Category Archives: Vfx

Introducing the tks Suite

an expandable, customizable framework for compositing artists and supervisors

Years ago I was fortunate enough to spend nearly a year working with the wonderful guys at East Side Effects in NYC – not only did I get to work on a film for some of my favorite directors (the Coen brothers), but I was able to build the pipeline of my deepest artist dreams!

In the subsequent years, I have kept tinkering with it, until I have arrived at something I’m extremely proud of. The primary advantage (IMHO) of the tks Suite is that it was developed by someone who started as an artist, and therefore tries to provide the tools I wanted with the simple, easy-to-understand gui I always craved. What started as a purely-nuke panel for Artists has morphed into a full-featured, program-agnostic QT-based gui system for managing VFX workflow.

  • pure QT-based implementation
  • present Artists/Supervisors/Producers with only the information they need, with quick access to the actions they need to perform
  • modular “Action” system – adjust standard actions (Submit to Render Farm, Create Version/Publish) based on per-project settings
  • automated vfx pipeline from creating V0’s through review, publish and delivery creation
  • artist-focused for clarity and simplicity
  • tested and perfected on multiple AAA projects
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Nuke Ramped Defocus

If I have an image in nuke that I want to control the falloff of the depth of field, ordinarily I would pump a ramp into the mask input of defocus. However, this would only work if I want my defocus to start at 0 and move to some value. If, however, I want the smallest amount of defocus to be something other than 0, say 2, I can’t achieve this effect with a good result, even if I adjust the start value of my mask input (instead of ramping from 0-1, say .2-1). If I input this ramp into the mask input on a defocus, this is the result:

maskedDefocus

Instead of moving from a 2 defocus to a 10 defocus, instead I get the original un-blurred result, with the 10 defocus merged on top of it at 20%, creating a halo.

With a few merges and two defocuses instead, I can get a much better result:

rampedDefocus

So I grouped this little setup and posted it here. Simply add a gradient map into the ramp input, 0-1, and set your minimum blur and maximum blur values, and you’ll get a much smoother result.

Download:

rampedDefocus
tested on Nuke 9.0v4

Nuke VHS Noise Group

vhs063

I’ve recently had to create (and re-use) a customizable VHS tracking-error style effect in Nuke, and have collected the node group in the attached file. It’s mostly controlled by some nobs on the “MASTER” node, though there are some other tweakable elements here. Unfortunately there’s no documentation so you’ll have to play around with it, but I’ve been getting good results from it.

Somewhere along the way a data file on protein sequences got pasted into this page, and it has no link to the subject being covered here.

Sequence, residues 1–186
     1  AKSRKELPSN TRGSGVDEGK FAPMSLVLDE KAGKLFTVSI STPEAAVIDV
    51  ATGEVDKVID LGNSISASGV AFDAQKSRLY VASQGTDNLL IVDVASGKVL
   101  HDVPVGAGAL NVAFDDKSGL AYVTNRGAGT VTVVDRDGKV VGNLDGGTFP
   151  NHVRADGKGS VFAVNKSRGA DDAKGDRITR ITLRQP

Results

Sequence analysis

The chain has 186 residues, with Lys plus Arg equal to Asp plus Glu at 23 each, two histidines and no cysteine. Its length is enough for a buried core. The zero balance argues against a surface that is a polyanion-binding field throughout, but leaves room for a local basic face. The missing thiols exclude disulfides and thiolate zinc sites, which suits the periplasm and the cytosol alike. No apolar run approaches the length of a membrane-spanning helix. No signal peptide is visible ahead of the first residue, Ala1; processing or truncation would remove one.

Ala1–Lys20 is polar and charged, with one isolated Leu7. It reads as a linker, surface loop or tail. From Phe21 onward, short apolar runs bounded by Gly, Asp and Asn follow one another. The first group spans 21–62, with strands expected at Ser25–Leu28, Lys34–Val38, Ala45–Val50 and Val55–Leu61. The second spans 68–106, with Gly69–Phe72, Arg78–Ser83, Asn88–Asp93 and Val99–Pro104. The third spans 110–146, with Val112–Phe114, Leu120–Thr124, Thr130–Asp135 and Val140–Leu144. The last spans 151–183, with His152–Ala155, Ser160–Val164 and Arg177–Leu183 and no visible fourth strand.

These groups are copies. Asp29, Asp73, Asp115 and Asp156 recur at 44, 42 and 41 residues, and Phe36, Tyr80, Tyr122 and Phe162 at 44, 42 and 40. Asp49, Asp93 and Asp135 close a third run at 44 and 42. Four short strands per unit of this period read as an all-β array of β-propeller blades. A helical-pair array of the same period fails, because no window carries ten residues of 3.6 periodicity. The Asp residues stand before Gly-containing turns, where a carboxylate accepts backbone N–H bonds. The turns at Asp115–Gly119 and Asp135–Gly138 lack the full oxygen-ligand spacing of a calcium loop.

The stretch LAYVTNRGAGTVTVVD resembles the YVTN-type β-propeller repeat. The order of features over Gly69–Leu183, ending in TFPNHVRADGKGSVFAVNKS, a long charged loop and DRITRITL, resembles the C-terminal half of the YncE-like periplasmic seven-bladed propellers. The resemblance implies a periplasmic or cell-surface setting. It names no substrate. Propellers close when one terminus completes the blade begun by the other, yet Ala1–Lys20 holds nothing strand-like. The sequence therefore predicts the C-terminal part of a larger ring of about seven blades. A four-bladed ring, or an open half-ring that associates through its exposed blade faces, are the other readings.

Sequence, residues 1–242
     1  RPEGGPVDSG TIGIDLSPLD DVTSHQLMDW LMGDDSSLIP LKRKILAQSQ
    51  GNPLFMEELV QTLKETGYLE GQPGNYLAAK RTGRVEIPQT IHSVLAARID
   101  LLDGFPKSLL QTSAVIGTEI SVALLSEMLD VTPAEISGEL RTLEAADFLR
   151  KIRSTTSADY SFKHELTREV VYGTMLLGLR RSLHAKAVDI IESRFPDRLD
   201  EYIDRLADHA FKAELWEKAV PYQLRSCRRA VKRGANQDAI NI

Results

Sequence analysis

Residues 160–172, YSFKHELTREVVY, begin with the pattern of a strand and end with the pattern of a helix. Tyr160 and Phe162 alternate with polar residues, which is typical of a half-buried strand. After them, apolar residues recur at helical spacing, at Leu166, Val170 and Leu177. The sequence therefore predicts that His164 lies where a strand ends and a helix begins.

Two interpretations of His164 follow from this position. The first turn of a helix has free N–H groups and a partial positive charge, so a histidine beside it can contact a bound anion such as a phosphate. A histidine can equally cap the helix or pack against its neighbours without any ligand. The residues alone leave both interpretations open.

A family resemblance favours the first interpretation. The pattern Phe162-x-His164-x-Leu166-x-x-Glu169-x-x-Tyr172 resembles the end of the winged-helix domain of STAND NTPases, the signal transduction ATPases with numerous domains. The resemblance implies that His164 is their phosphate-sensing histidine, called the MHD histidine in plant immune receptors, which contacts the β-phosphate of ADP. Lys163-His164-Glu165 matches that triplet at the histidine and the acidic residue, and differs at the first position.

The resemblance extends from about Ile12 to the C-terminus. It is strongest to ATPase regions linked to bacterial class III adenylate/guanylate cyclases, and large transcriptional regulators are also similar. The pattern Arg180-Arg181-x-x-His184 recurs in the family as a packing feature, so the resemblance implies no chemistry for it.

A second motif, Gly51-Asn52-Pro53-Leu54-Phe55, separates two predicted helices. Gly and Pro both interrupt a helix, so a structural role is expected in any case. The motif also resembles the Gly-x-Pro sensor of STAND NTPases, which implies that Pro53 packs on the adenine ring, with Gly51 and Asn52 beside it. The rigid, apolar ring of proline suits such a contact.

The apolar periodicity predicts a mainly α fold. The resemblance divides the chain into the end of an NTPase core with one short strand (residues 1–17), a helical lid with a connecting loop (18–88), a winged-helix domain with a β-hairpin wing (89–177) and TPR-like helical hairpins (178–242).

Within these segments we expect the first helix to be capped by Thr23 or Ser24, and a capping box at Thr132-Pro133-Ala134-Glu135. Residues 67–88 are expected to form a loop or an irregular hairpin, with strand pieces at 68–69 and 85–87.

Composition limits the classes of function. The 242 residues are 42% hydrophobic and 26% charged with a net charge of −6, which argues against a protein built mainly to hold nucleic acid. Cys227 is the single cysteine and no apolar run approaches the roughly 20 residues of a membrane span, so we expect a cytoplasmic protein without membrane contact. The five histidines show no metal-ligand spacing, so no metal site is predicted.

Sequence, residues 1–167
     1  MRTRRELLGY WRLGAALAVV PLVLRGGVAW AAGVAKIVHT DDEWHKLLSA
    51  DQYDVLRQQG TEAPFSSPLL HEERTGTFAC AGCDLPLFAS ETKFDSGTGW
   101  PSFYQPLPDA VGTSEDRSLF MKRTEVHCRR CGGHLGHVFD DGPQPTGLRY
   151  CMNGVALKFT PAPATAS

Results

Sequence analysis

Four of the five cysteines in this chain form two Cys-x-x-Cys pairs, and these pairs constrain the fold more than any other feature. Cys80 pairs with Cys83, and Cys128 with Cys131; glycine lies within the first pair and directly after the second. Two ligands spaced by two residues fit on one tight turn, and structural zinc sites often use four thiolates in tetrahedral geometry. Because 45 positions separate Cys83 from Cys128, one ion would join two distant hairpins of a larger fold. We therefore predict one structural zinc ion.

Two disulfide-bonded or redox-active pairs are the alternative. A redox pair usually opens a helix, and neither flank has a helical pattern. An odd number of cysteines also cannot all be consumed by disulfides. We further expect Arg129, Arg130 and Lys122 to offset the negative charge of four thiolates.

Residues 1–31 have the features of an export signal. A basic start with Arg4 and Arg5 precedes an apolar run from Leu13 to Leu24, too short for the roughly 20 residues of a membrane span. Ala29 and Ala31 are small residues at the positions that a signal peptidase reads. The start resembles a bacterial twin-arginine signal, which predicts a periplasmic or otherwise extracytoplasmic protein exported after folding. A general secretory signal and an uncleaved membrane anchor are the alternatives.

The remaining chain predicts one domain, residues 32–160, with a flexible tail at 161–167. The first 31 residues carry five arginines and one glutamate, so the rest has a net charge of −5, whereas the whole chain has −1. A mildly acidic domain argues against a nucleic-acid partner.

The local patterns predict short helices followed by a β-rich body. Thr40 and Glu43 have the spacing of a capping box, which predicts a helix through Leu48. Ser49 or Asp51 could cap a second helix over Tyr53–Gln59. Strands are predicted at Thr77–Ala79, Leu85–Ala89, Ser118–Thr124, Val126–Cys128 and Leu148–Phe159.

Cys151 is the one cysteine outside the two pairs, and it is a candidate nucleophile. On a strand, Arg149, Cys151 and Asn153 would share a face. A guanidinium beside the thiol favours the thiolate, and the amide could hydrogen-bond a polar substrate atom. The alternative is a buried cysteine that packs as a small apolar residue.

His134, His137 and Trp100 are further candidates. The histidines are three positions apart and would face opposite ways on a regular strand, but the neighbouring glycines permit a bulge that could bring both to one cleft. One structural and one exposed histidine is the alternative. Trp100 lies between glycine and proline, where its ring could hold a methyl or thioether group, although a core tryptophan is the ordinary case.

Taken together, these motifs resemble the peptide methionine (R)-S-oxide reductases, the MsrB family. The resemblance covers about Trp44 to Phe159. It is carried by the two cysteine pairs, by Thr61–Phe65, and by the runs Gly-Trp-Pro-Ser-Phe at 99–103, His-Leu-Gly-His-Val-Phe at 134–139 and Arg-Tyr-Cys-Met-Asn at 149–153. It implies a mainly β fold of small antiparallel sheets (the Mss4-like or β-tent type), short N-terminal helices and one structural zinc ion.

Download:

vhsNoise
tested on Nuke 8.0v1

Nuke multiGrad

***updated 3/9/2015

I’ll be the first to admit that I’m no expert on rotoscoping, but in my experience one of the first tools I look for is a multi-gradient – something that I can use to paint out large sections of the image, and then add detail to. So I was surprised that, besides this shake-like 4-point gradient there wasn’t anything in Nuke that was what I wanted. The shake gradient is nice, but I was really looking for one that would allow me to move the points around in space, and would interpolate colors around the points as well as in between. With some patience and a lot of math (point-slope anyone?) I created a gizmo that will do just that. Below you can see the results on a racecar:

Of course, it’s not perfect, and there would need to be fine tuning around the edges, but all the rotoing in that image was done just with this tool. The user pipes in the source image to “Source” and a mask to “matte”, and the gizmo will comp it onto the source automatically, preserving the source alpha (the user can turn this feature off under the “Matte” tab. It also includes python scripting that will automatically grab the color of the source at the points, which makes painting out areas really quick and easy.

Control Panel

Because of the math involved, points 1 & 2 must be at the top, and 3 & 4 at the bottom, or it will start to act screwy. If it needs to rotate, you’re better off translating the whole result.

Download:

4pointgradient.txt
tested on Nuke 9.0v4

Technodolly Focus, Z-Depth, and Lens Distortion

techno_dolly

Any comp lives or dies on subtle qualities of a scene – color, depth of field, lens distortion, etc etc. Solving lens distortion with nuke is pretty easy once you understand the process (and immensely easy if you prepare ahead of time!); without a good lens distortion solve you’ll never get a convincing composite. Depth of field is easier to do a guess-and-check method, but of course we’d much rather get an accurate result. We’ll discuss both, but first a quick overview of the technodolly itself.

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